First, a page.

What Is Law?


Law is a set of rules created and enforced by social or governmental institutions to regulate behaviour. It includes state-enforced laws formulated by a collective legislature, resulting in statutes, or by a single legislator through decrees and regulations, as well as privately created legal contracts and agreements. Law also includes rules imposed by judges through precedent, which is known as the “doctrine of stare decisis” in common law jurisdictions.

Law covers a broad range of subjects and is the subject of a vast body of scholarly research in such fields as legal history, philosophy, economic analysis and sociology. It raises a number of complex issues concerning equality, fairness and justice.

For example, law governs how people interact with one another and settle disputes. It determines who has the rights to a piece of property or how courts should decide a case. It also outlines how to treat other people in the course of business. Law can help ensure that people are treated equally, regardless of race or social class.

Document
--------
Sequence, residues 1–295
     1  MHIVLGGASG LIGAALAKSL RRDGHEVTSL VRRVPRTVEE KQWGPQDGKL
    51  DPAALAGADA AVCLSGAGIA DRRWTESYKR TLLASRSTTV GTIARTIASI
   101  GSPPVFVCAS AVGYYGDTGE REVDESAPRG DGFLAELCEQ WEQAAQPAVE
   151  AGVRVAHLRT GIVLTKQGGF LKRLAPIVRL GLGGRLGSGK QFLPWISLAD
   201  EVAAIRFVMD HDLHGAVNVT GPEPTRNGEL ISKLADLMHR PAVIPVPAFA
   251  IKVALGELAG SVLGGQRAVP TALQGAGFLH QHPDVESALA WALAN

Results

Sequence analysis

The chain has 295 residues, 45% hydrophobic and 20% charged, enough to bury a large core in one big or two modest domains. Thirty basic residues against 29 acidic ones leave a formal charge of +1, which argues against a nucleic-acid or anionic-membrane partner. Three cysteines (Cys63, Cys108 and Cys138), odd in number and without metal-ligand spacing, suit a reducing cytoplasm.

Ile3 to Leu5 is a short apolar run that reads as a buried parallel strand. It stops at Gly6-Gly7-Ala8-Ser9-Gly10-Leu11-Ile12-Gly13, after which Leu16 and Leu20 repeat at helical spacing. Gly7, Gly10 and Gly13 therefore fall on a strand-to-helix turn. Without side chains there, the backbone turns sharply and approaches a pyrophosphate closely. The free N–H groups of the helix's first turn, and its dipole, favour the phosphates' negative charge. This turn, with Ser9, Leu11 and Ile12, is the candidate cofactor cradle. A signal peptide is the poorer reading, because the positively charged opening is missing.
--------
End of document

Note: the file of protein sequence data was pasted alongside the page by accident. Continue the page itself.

Law is a political system, shaped by the way people in a nation-state organize their political institutions and the balance of power among them. As such, it is inherently related to the power of the rulers and the ability of the people to revolt against their tyrannical rule. This tension is at the root of the desire for democracy and the aspiration that every citizen should be granted greater rights than those enjoyed by a wealthy minority.